Posted on February 4, 2007 at 4:31 PM. Category: Knitting.

Saturday February 3, 2007

Smitten by Aran.

Egged on by the intense competition from Ferretworld I have also completed my fetching mittens: mittens.jpg
I made them using Rowan Calmer as I had some left over from another project and I am very fond of this yarn. It does knit to an Aran weight tension but is slightly stretchy so on the smaller needles they have come out fairly small, but fit me fine.

This is a very nice pattern. It is very clearly explained and uses a method that has never occurred to me before, (even though I have knitted many gloves in my time), creating the thumb opening by means of a piece of waste wool. They were very satisfying to knit - so much so that I also immediately knitted another pair - for my friend Diane, (who is helping her friends by doing pretty well recovering from her illness and has even started back at work for a few days a week). Diane's birthday is in May but I think she needs mittens right now, even though May in Scotland may be a little chillier than further south.

The designer has reversed the cable pattern on each wrist so that "the cables on each hand will twist fetchingly toward your thumbs". This appeals to my Libran nature (or neurosis) for symmetry. This call to mind the first "real" sweater I ever knitted for myself, which was an Aran. It had two main cables either side of the main panel, and the pattern had the cables twisting in the same direction; I did not make it symmetrical - for all I know it's traditional to have them going the same way -some superstition or other... who can guess?

This is the very Aran here (I am guessing it does not fit me any more...). Click on the picture for a giant view.

I knitted it from specially oiled Aran wool by Patons (Capstan) and it was quite awful. The oil soaked into everything, while knitting it and subsequently when wearing it. After the first outing, I washed it (and my T shirt) thoroughly in soapy water; well, I was never planning to go deep sea fishing in it, after all.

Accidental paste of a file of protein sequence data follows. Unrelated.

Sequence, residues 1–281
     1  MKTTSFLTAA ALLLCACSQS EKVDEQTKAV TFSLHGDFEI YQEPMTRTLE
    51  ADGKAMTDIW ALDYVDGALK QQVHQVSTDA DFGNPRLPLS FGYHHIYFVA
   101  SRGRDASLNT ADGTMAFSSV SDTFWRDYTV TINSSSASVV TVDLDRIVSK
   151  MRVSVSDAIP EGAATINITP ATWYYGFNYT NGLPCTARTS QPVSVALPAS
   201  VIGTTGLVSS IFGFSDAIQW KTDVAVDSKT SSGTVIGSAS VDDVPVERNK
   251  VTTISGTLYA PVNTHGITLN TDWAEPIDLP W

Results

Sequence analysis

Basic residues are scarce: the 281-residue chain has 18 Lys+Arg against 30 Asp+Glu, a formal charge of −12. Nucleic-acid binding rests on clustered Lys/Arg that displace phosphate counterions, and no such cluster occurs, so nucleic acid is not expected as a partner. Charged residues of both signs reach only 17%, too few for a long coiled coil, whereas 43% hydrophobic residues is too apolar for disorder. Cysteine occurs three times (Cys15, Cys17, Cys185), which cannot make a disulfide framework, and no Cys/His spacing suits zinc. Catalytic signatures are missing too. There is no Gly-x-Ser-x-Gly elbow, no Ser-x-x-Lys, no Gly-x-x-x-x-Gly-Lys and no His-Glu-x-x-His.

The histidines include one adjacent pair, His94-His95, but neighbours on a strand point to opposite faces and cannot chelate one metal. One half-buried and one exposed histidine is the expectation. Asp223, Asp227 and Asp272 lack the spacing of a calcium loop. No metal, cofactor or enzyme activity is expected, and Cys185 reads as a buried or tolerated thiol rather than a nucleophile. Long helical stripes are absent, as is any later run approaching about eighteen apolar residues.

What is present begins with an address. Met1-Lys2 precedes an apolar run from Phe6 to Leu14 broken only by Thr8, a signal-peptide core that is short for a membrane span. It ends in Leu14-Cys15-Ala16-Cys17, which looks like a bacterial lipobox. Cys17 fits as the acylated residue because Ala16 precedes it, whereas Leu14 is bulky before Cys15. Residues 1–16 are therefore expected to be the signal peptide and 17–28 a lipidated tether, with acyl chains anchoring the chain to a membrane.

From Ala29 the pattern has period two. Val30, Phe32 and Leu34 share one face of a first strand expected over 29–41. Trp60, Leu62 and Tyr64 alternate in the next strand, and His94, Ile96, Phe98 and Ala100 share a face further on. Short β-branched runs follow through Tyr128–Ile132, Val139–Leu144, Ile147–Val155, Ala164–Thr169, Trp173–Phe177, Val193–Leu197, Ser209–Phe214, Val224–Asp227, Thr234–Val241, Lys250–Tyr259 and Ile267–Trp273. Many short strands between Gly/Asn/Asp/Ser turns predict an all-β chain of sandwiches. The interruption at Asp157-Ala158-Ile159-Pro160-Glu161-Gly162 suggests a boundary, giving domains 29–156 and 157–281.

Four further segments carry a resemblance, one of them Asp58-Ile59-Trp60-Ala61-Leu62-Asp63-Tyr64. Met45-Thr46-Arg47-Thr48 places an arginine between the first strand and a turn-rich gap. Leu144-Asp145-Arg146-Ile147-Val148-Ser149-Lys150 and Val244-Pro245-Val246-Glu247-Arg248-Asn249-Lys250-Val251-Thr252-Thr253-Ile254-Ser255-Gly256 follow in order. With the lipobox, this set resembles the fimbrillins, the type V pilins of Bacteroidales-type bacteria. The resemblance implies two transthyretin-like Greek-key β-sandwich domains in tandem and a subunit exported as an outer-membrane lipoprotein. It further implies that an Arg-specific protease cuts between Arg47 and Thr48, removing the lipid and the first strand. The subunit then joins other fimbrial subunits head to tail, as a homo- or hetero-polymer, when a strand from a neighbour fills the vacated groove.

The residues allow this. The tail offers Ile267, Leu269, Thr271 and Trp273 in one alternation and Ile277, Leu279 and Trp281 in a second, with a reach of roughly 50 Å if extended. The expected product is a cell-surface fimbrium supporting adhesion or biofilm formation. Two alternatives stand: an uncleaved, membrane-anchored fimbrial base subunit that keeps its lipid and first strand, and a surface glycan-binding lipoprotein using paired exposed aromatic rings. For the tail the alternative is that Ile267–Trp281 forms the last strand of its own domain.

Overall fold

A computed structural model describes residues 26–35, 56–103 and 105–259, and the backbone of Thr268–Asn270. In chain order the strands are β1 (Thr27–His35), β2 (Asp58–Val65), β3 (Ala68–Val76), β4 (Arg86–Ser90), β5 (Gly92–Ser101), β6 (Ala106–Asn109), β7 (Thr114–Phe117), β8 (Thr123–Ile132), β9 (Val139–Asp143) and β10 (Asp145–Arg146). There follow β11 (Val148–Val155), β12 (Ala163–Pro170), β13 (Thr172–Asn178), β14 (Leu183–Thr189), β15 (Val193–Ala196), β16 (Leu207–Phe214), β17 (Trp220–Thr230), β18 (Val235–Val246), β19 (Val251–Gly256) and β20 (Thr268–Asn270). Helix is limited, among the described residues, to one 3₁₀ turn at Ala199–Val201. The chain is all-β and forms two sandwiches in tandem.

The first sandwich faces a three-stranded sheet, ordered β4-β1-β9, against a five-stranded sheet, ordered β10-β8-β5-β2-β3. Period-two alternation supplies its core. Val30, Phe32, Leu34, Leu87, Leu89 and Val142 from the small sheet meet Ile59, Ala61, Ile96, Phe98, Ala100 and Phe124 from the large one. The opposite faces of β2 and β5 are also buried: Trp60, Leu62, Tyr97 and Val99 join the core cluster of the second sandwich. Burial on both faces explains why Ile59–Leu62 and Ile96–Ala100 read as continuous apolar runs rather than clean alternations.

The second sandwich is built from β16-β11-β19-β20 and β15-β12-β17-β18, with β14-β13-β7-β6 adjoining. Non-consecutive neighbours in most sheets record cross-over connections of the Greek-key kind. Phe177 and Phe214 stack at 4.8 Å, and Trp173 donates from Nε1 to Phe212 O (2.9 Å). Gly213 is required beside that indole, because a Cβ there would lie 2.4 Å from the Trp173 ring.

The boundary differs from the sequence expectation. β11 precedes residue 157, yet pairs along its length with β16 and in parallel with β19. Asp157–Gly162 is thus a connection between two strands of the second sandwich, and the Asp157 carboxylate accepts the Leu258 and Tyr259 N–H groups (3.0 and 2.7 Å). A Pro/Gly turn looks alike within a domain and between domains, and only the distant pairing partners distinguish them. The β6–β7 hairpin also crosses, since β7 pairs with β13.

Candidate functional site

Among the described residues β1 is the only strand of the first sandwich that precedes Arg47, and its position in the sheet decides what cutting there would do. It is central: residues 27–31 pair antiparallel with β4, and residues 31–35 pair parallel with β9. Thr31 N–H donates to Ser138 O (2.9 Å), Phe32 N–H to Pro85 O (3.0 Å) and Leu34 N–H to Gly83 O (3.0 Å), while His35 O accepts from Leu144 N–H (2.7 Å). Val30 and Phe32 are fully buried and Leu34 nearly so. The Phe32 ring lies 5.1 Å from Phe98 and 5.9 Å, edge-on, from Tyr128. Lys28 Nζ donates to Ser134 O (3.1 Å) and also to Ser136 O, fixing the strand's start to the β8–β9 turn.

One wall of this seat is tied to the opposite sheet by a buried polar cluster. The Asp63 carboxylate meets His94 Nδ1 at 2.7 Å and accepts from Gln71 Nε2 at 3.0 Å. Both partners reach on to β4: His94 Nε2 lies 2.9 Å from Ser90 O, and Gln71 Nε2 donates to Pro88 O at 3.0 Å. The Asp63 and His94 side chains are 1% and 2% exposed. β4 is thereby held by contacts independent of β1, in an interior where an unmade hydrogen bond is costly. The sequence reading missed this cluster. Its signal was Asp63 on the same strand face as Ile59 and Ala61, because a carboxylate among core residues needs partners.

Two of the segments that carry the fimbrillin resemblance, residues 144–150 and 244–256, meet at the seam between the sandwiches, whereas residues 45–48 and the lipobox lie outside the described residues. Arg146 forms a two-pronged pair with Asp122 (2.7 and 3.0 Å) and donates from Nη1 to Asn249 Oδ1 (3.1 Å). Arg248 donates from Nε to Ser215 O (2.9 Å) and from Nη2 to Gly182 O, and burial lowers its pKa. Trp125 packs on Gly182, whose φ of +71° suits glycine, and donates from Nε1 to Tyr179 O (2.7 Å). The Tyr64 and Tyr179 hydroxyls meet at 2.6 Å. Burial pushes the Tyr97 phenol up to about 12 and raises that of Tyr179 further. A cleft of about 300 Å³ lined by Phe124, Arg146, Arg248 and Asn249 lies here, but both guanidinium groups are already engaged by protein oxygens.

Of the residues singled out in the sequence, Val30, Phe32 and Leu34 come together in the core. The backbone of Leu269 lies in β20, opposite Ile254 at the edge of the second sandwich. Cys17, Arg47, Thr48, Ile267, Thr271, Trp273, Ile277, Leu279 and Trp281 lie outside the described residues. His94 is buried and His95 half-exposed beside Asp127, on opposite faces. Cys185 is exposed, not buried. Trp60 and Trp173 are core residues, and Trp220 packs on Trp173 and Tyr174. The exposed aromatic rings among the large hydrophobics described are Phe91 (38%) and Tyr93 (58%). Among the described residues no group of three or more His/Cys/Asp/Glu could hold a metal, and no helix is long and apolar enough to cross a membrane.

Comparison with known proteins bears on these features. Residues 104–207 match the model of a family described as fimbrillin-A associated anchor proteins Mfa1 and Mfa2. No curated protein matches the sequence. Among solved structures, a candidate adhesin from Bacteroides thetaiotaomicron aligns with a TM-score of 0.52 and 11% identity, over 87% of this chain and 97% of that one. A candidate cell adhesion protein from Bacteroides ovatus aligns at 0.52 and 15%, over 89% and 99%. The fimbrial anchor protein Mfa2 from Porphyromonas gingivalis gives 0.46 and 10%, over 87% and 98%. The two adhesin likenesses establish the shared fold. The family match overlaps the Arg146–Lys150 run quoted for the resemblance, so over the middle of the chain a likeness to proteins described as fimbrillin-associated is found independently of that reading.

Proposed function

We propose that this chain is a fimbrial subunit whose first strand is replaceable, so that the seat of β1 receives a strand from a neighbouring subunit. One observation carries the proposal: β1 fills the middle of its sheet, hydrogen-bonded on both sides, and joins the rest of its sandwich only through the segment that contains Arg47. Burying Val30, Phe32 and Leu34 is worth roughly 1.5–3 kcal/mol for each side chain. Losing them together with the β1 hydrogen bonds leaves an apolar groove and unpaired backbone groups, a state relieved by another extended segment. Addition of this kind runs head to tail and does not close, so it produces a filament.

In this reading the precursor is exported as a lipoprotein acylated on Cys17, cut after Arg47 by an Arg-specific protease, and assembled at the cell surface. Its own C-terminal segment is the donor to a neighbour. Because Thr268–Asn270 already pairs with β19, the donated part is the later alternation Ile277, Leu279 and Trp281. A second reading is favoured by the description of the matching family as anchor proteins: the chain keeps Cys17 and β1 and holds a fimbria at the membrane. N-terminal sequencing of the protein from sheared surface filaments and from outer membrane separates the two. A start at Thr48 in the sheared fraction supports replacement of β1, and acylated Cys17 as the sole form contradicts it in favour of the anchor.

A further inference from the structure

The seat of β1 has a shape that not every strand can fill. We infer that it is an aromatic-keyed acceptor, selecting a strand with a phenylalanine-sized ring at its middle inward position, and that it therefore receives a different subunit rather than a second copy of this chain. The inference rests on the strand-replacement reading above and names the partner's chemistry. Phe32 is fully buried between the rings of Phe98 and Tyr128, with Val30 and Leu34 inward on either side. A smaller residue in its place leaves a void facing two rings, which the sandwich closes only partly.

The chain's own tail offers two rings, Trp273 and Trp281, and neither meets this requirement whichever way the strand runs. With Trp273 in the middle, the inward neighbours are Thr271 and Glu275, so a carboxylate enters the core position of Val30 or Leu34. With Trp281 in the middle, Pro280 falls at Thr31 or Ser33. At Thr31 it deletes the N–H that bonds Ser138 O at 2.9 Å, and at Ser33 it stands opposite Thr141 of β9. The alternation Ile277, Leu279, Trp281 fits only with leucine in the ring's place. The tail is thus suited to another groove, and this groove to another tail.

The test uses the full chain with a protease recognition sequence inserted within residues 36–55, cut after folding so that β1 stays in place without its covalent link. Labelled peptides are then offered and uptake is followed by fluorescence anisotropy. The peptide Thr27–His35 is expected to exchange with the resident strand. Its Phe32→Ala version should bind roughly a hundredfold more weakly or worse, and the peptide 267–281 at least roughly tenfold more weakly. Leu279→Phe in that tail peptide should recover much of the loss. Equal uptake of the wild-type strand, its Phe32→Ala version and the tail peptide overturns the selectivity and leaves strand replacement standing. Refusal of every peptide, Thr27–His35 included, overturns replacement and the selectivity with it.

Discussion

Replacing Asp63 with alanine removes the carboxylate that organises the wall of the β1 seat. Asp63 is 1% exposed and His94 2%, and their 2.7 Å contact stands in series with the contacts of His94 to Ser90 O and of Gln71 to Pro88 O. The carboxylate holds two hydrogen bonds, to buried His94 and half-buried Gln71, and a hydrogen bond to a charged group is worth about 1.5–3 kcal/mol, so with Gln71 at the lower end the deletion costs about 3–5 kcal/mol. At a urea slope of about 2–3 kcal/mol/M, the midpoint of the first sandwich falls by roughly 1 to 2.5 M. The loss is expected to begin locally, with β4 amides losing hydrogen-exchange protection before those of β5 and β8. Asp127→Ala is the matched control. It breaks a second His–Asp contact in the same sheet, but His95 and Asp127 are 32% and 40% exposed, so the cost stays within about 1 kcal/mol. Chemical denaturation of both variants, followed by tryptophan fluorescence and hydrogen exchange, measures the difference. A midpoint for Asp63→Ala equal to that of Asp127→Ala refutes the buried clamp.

The pattern was from one of the women's magazine in around 1969, which I borrowed from my school friend, (and clearly never returned) and I saw it reprinted in a booklet of "favourites" a few years later. My friend knitted the matching skirt as well as the jumper - and she reversed the cables so they were symmetrical. I attach the picture for your delight, and in addition the perfect 1960s trouser suit, for the complete retro experience.

Aran_suit1.jpg Aran_suit2.jpg

Bet you can't wait to knit that suit..... Just contact me if you need the pattern.

If you squint you might notice that the complete retro price tag was about £3 for the wool. I am not too ashamed to say, that in about 1976 I knitted the man's cardigan for my boyfriend Hamish, (a retro kind of guy - even for then!), who failed to stay my boyfriend long enough to claim it. My brother-in-law somehow took it over, and a few years ago it got "mothed". So I knitted him a replacement in a lovely soft Rowan Aran tweed in grey. The price tag for that was £50.

Posted on February 3, 2007 at 4:28 PM. Category: Knitting.

Thursday February 1, 2007

Aft aglay.

I am full of plans. Which is not so good really as I am still trundling on with a lot of old plans. [In my defence I am exclusively working on "Furrow" at the moment, and am half way up the front - it looks good and I have become more used ot the strange technique].

Yesterday, while I was at work, 500 polythene bags were delivered - the box was rather larger than I had imagined. The intention is to repack and organise my impressive collection of (vintage) wool and hopefully weed out those half-knitted projects which are unlikely to ever be completed. Not that I think I have 500 packs of wool (we'll see) but they were only supplied in units of 500. I am also anxious to make good use of my new Dymo labelling machine (birthday gift), making it easier to find that perfect little ball of wool that I stored away in 1981.

Posted on February 1, 2007 at 6:50 PM. Category: Knitting.